Mitchell Kimbrough
Mitchell Kimbrough

Founder

Posted on Oct 17, 2019

Building Reliability Part 1: How To Build a Reliable Website

The Natives
We native inhabitants of web development shops tend to obsess about the newest addition to the tech stack. Or we think too much about the next big technical challenge. Sometimes we spend all of our time playing foosball because we’re posing as tech people. We flit around developing the newest coolest Javascript framework and we give very little thought to whether such a thing is even needed. We’re totally ignoring our client’s actual need. Our clients need reliability.

Reliability
If you Google ‘reliable website’ you get a bunch of hits about how to tell if a website’s information is truthful or dependable. You get results on how to detect scams. When I say ‘reliable website’ I’m referring to whether the website generates revenue reliably. And when I say that, what I really mean is something even more fundamental: Does the website quickly and easily meet the needs of its user?

Flow
There’s an even better way to define website reliability, still with a question: Does the website flow?

A good website is characterized by smooth, dependable, unimpeded flow. The customers have a need, an ailment, a desire of some kind. The website and the marketing that supports it finds the customer out on a crowded internet. It guides the customer into the website, encouraging their motivation along the way. Then, once in the website, the customer is guided through the process of understanding and having their needs met. Lastly, the customer is sent deftly out into a suitable fulfillment system.  At this point, the team of humans dedicated to taking care of the customer must have the website-integrated tools available to do so.

Website reliability is about reliable flow. Reliable flow is about the In, Through and Out of customer desire.

Our Poor Clients
So here we are, playing foosball or ping pong, sipping on Matcha Lattes, arguing about the newest CSS build automation techniques, totally ignoring what our clients are really asking us to do. We think they want us to add ever more layers of complexity on to their website’s tech stack. We think they want us to be clever and know the newest, coolest, I-know-something-you-don’t-know web developer trifle.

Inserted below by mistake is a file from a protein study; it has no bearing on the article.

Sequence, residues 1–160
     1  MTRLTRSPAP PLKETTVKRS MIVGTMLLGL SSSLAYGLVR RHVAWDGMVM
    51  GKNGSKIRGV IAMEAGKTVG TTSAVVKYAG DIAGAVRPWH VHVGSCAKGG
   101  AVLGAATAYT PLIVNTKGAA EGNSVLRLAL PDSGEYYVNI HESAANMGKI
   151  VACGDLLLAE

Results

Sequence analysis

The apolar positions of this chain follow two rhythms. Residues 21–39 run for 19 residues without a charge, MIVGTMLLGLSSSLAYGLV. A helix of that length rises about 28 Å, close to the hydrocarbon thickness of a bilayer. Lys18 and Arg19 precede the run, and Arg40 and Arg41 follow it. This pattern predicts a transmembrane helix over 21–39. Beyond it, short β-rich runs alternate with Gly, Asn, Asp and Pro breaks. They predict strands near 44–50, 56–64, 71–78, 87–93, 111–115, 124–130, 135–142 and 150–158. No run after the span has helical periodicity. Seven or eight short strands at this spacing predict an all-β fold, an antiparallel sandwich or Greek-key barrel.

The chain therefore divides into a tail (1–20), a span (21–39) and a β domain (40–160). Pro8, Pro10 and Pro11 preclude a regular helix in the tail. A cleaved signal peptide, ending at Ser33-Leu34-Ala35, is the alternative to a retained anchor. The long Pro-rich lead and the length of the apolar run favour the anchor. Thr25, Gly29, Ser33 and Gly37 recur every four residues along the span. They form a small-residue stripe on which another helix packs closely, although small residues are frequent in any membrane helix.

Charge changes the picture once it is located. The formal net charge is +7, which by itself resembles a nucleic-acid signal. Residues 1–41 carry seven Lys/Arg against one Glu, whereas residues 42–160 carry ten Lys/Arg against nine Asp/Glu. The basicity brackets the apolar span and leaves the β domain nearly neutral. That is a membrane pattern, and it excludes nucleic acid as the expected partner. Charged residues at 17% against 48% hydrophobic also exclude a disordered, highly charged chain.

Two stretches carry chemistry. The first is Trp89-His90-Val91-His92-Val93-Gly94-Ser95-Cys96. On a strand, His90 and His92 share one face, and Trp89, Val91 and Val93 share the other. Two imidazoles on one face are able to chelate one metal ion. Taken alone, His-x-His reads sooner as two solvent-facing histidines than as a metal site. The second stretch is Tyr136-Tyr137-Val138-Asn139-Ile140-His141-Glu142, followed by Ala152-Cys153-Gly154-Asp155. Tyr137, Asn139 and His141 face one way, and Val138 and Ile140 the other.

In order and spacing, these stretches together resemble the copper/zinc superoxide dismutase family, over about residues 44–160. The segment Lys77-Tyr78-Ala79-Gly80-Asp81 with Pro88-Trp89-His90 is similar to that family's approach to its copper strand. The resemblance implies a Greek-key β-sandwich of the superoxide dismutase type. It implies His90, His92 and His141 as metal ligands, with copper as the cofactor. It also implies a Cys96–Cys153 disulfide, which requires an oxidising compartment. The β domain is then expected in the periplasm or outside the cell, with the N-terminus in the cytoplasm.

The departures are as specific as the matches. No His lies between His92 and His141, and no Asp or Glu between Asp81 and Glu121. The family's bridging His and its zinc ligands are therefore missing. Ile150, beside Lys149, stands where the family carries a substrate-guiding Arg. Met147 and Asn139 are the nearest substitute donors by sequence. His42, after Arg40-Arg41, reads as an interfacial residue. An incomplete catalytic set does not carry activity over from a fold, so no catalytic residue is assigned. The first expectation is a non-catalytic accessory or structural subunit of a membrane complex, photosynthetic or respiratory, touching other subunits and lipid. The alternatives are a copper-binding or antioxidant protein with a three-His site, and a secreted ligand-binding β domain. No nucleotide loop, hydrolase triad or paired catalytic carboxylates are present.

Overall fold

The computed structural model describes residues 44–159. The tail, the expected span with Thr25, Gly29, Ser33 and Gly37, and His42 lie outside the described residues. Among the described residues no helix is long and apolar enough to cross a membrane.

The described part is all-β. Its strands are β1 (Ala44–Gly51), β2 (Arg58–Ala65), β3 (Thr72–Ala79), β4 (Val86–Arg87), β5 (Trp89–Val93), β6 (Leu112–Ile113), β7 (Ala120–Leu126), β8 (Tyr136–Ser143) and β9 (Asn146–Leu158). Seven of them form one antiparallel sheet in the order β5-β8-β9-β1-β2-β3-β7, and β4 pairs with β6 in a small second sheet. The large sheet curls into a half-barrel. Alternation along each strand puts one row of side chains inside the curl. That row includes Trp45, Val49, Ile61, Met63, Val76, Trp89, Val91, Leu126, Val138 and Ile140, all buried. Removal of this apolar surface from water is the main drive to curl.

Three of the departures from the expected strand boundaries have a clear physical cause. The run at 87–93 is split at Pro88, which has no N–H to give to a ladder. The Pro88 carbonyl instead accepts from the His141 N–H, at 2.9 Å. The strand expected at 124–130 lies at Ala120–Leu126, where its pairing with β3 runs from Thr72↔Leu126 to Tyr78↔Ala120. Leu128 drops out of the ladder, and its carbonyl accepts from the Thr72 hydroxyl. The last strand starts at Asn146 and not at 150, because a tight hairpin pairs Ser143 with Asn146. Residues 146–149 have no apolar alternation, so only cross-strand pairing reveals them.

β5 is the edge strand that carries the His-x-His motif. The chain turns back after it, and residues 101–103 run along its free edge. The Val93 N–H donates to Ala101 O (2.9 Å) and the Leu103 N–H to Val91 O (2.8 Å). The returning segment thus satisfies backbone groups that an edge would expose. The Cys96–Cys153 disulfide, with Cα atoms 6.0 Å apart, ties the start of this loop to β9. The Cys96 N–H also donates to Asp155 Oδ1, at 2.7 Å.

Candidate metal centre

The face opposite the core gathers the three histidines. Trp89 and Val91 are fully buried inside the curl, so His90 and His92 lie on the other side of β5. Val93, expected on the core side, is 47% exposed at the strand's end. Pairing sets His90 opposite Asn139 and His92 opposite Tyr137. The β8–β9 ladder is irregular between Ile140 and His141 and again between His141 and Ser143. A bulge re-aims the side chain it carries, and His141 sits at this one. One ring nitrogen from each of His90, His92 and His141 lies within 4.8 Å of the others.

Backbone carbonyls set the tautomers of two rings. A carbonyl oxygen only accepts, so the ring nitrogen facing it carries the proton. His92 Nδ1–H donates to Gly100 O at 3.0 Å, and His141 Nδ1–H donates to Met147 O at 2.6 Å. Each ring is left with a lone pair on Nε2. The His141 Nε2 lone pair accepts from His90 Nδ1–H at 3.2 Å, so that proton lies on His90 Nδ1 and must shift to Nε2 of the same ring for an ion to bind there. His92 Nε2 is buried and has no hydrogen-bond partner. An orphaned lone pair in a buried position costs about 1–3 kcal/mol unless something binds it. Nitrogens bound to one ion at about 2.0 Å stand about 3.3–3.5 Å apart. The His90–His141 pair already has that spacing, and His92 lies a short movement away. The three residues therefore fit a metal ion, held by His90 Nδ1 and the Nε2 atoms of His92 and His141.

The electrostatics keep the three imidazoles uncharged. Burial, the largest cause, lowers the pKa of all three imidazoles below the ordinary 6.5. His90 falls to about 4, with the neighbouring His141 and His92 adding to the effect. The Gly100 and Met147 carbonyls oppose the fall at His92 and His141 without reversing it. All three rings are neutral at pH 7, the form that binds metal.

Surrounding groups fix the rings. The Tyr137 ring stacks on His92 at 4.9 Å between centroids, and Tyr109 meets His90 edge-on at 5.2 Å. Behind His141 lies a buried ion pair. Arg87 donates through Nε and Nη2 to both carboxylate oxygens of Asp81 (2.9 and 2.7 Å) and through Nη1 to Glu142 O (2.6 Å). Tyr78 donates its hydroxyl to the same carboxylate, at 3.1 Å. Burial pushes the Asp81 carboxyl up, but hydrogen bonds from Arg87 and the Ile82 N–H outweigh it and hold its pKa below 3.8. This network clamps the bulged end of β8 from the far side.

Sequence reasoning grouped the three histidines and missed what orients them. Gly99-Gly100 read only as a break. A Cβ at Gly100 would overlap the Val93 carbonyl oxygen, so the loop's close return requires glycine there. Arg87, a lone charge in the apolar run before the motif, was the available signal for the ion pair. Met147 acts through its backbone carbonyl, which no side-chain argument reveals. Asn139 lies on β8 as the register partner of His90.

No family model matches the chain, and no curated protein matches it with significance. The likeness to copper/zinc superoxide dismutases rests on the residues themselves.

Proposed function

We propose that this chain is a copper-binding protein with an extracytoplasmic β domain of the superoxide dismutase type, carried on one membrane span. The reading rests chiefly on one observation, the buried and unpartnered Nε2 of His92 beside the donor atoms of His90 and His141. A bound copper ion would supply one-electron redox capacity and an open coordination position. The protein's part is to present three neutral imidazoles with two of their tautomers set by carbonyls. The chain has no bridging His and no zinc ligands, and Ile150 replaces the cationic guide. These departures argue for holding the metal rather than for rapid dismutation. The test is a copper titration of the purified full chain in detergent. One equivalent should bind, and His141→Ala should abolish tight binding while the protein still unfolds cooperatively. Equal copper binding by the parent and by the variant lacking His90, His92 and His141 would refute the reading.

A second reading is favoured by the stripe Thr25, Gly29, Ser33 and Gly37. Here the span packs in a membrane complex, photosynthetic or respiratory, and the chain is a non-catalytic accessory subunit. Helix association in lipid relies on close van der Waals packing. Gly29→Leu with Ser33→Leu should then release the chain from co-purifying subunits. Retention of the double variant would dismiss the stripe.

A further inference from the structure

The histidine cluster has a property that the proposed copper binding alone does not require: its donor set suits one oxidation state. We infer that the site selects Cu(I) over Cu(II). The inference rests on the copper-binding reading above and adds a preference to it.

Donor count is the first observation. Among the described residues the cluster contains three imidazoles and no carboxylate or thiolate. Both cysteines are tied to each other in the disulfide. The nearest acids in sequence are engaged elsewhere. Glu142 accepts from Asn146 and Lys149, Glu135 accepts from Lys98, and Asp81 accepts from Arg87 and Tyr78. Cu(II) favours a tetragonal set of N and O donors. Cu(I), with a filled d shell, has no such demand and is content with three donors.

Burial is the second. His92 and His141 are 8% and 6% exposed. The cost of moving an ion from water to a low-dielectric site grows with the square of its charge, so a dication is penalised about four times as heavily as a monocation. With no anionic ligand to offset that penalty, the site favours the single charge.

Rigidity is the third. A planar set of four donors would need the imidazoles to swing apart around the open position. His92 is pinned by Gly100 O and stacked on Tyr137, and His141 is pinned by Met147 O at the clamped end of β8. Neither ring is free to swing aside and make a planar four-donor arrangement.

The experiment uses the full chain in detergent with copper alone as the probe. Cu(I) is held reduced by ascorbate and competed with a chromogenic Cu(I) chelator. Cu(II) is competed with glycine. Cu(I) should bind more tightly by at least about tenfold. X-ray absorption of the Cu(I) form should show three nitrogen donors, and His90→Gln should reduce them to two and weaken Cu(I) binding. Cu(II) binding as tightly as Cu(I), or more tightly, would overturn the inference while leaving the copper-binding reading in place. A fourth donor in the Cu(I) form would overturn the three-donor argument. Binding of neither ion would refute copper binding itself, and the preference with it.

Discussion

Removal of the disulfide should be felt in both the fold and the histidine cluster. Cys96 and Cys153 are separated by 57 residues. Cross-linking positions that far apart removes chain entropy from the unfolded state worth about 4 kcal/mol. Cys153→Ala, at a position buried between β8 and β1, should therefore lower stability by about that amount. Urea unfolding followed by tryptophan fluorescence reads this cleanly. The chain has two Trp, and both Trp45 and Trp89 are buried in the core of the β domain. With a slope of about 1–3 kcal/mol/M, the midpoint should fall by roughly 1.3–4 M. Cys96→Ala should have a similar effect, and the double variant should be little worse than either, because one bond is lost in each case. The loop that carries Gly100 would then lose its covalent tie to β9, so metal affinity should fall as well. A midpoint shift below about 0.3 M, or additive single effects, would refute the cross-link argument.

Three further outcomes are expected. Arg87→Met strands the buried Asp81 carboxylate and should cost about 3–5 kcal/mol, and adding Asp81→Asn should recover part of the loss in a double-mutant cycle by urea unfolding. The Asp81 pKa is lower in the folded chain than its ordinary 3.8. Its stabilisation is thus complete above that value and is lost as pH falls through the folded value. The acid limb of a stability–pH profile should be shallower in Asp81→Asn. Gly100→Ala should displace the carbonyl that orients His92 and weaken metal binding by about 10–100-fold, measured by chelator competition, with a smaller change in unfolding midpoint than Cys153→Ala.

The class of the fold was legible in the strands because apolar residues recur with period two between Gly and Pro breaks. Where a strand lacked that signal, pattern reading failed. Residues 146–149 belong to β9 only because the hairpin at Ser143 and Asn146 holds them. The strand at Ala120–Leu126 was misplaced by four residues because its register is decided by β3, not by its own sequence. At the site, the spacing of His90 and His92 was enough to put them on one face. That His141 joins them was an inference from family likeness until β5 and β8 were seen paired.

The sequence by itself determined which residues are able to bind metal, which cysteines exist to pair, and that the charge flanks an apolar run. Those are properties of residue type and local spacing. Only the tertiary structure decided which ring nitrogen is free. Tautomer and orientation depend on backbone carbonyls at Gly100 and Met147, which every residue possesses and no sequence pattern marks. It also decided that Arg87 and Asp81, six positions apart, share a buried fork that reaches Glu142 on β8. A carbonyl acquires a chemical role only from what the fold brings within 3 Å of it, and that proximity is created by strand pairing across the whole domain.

It’s high time we dropped our own narcissism, took off our giant headphones and tried listening to our clients for a change.

To Create Reliability We Must Be Reliable
A reliable website is a fast website.
Our client’s customers have more than one problem. The faster the website can solve their problem the less it will resist them. This means the pages must load as quickly as possible. And there’s an entire science behind this.

A reliable website is a well designed website.
Our client’s customers are busy. They should not be required to think about stuff that we should have thought of for them. This means the content architecture must be intuitive. This means the graphic design should reassure and motivate the customer, but still stay out of the way. This means the technical execution of the website should be bug free. There’s an entire science behind website usability.

A reliable website is a secure website.
Our client’s are going to ask their customers to provide sensitive personal data. In most cases having this data will help to serve the customer better. But the risk is that the website can be hacked and this data exposed. Relatedly, a insecure website can be hacked to show misleading information to a customer or redirect the customer to a different website altogether. There’s an entire science behind website security.

Many more ‘web sciences’ are involved in making a website reliable. How can we web developers hope to master all that’s necessary to deliver reliability to our clients? Can’t we just specialize in something? Your client does not have the luxury of specializing.

The fact is for any given website, there is exactly one person who has to own the big picture. This is your client. Are you going to have this person’s back or not?

I wrote a book about how to start fixing the Web Reliability problem. You can check it out here.

 

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